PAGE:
In the middle of July, Xbox One gamers the world over got a wonderful summer surprise when the system’s backwards compatibility program released one of the most beloved games of the previous generation: Rockstar Game’s Western magnum opus Red Dead Redemption. The 36-million people who opted to go with Sony’s PlayStation 4, however, didn’t get the same deal — but they do have Rockstar’s Bully, which is still great.

In October of 2006, the company released Bully amid a firestorm of controversy. Drowned in erroneous claims that the game was a “public nuisance”, the title’s unique charm has flown largely under the radar, especially in the wake of Rockstar’s endless string of classics. And that’s too bad, because Bully is possessed of all of the technical and storytelling prowess that makes Rockstar’s western so beloved.

You Are Not the Bully

The game’s star, Jimmy Hopkins, is a tiny, but tough kid who’s dumped at a run-down boarding school when his mom takes off for Europe with her new husband. Entrenched in an old school system that fosters unfettered aggression, the students have split into hostile factions of every grade school archetype (nerds, jocks, greasers, rich kids, and townies). It’s Jimmy’s task to navigate this hive of scum and villainy in the hopes of finding a place where he can get some peace.

Jimmy also happens to be a little shit who’s got a very good reason to sport the chip on his shoulder. He’s also wickedly fun to control, whether skating around the campus, biking around the small New England town, or throwing down with one of the various groups of asshole teenagers littering the map.

The Worthwhile Villain

Driving the vast majority of Jimmy’s troubles is his one-time friend Gary, a borderline sociopath with grandiose plans to “take over the school.” Of course, that mostly involves telling various members of the faculty that Jimmy is spreading rumors involving them and farm animals. Like Othello’s grand villain, Iago, Gary is motivated by pure hatred, sprung from some place that even he can’t coherently explain.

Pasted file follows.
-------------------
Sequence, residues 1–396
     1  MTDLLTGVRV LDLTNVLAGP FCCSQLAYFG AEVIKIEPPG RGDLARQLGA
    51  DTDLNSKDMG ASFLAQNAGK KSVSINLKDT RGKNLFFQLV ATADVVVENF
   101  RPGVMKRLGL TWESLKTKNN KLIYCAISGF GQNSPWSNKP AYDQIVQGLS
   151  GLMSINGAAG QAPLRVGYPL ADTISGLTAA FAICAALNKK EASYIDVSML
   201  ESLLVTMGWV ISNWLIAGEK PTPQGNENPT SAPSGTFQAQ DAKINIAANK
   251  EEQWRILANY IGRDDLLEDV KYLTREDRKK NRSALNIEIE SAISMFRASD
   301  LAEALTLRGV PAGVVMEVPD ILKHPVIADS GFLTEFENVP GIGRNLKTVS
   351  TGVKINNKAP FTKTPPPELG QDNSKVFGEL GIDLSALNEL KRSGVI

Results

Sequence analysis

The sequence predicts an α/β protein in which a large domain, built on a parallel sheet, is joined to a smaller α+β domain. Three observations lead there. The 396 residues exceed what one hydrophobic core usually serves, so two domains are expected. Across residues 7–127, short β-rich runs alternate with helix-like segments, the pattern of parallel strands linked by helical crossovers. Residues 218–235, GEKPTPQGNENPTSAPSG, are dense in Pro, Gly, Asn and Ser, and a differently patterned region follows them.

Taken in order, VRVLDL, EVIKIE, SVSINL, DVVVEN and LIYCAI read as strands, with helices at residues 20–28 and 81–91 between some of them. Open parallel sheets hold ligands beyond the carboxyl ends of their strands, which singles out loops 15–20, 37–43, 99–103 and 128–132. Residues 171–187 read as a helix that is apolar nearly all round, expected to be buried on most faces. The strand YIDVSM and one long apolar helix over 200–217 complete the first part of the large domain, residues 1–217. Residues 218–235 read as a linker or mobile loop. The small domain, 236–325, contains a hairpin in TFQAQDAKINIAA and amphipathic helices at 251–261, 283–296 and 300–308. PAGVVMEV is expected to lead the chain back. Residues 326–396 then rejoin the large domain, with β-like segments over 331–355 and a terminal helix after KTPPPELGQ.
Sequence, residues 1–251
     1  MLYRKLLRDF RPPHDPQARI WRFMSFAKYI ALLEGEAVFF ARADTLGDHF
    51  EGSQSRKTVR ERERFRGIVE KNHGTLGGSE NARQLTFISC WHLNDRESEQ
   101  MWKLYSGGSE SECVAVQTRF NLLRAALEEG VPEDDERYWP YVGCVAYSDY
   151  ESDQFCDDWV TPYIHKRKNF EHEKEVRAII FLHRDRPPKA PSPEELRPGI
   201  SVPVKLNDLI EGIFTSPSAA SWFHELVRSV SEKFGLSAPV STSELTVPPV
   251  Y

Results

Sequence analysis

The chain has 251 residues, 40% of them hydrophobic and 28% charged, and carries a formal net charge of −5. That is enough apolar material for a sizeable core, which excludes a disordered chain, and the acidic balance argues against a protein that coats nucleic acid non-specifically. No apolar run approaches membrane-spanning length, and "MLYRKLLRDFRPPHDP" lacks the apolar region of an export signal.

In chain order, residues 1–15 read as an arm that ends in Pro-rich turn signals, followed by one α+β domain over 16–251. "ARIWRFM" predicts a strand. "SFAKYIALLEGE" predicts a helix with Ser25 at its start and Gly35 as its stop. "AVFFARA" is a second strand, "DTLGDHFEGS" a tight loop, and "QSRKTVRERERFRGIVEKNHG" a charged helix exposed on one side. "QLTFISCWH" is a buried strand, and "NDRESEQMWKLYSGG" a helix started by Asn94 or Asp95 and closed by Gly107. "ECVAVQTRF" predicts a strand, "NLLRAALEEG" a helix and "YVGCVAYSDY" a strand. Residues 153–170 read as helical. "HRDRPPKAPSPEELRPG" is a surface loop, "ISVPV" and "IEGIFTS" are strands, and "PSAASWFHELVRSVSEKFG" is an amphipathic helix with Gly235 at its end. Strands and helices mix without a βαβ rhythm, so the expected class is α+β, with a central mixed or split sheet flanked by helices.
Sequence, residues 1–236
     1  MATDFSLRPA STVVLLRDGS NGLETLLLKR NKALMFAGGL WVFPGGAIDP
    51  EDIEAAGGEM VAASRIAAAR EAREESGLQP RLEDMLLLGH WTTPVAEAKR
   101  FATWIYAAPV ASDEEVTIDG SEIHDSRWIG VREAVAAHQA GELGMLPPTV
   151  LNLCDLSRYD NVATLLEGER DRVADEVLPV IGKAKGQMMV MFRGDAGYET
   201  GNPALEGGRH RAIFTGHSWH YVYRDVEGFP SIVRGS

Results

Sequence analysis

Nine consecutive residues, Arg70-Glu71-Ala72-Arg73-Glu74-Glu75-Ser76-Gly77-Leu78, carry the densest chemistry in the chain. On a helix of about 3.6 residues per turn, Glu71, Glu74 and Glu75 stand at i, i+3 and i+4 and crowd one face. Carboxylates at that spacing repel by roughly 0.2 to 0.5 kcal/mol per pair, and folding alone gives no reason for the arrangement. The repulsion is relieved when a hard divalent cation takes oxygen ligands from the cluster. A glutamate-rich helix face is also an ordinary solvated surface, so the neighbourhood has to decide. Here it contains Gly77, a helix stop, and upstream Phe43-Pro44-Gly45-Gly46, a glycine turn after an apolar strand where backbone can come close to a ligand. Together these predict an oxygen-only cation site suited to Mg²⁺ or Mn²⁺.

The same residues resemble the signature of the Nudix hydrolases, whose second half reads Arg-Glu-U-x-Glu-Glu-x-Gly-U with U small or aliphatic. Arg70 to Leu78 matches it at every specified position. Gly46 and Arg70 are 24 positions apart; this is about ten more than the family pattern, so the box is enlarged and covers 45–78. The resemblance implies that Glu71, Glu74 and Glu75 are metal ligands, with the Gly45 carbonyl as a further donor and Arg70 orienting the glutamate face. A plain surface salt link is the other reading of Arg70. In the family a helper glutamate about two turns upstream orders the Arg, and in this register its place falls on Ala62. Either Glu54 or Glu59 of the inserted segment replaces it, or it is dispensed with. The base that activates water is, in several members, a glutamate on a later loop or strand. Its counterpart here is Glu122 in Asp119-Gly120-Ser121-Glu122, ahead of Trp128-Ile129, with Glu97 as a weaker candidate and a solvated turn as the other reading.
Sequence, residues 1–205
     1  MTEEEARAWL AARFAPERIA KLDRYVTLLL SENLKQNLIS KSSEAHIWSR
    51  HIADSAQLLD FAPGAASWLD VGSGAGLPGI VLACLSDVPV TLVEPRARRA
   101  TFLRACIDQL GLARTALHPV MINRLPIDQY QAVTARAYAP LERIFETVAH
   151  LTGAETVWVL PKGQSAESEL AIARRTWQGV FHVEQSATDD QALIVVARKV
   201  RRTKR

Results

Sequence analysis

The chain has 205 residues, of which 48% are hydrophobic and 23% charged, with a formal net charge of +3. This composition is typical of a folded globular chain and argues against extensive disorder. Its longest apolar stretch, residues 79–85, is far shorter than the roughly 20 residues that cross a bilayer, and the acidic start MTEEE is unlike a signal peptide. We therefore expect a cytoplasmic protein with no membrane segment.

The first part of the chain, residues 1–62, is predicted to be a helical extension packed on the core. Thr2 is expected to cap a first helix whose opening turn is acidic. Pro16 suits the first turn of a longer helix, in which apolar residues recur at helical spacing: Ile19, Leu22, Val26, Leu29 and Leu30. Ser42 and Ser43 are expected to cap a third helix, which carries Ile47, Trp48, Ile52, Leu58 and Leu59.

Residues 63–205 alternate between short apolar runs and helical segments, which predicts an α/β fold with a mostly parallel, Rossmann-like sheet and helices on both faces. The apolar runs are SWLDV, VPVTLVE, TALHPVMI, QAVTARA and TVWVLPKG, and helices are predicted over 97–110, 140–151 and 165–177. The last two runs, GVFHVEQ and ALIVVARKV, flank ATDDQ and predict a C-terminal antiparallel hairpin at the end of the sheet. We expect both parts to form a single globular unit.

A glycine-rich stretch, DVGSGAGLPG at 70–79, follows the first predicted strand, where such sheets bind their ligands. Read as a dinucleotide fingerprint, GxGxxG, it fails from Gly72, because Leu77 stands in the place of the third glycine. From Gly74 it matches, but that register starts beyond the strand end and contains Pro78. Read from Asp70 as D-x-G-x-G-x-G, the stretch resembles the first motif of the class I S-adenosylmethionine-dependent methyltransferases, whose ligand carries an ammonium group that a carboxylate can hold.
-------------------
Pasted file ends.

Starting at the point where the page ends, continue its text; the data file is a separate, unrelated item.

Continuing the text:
He’s the extreme result of teenage fierceness, the fiery, hormonal id run amok. And it’s so satisfying to punch him in his dumb face.

Because Kids Can’t Go Around Shooting Each Other …

All of the combat in Bully is non-lethal. The core combat system is a well-executed hand-to-hand mechanic that operates like a simplistic fighting game. If you’ve thrilled to the bone-crunching combat in Sleeping Dogs, that title shares some of the same DNA as Rockstar’s brawler. In addition to the punching and kicking, Bully also throws in a variety of low-grade weapons like the slingshot, firecrackers, and (eventually) a potato gun. Of course, where the title’s arsenal really distinguishes itself is the ability to make mischief by setting off a variety of pranks.

Everything from marbles to itching powder to stink bombs are available to inject a little chaos into the hum drum day-to-day of life at a private school.

Best. Score. Ever.

Composer Shawn Lee set Jimmy’s New England odyssey to one of the most audibly delicious scores in video game history.

In turns haunting, charming, and action-packed, Lee’s score is reason enough to shell out fifteen bucks for Bully. The artist makes expert use of a wide variety of instruments to create an infectious, cohesive whole that works perfectly no matter what order you hear it in.

A Love Note to People Who Hated High School

In essence, Jimmy Hopkins is kind of a walking revenge fantasy. He’s disrespectful to the authority figures who underestimate him, and he’s got the wit to back it up. He doesn’t take shit from the kids who’d push him around, and he’s got the muscle to back it up. Even the classes you’re forced to attend via mini-games are immediately rewarding in a way no real class ever was. Best of all, Dan Houser and Jacob Krarup’s script is more than equipped to juggle the main character’s aggressive tone with a cartoon-like adherence to innocence.

Rockstar’s traditional satirical jabs are in full effect here, only they’ve been lowered to an appropriately juvenile level. If it makes you feel better, think of it as Grand Theft Auto: Prep School.

Being a Kid, But Better

Remember how high school was the absolute worst?

Bully takes those torturous four years and plops you right back in the middle of the action, only this time you have the muscle and the tools to fight back. A smart story in sophomoric clothing is more than enough reason to check out Bully, but the fully realized small town, the unforgettable array of characters, and the satisfying, yet PG-13 combat elevate Bully to the level of classic.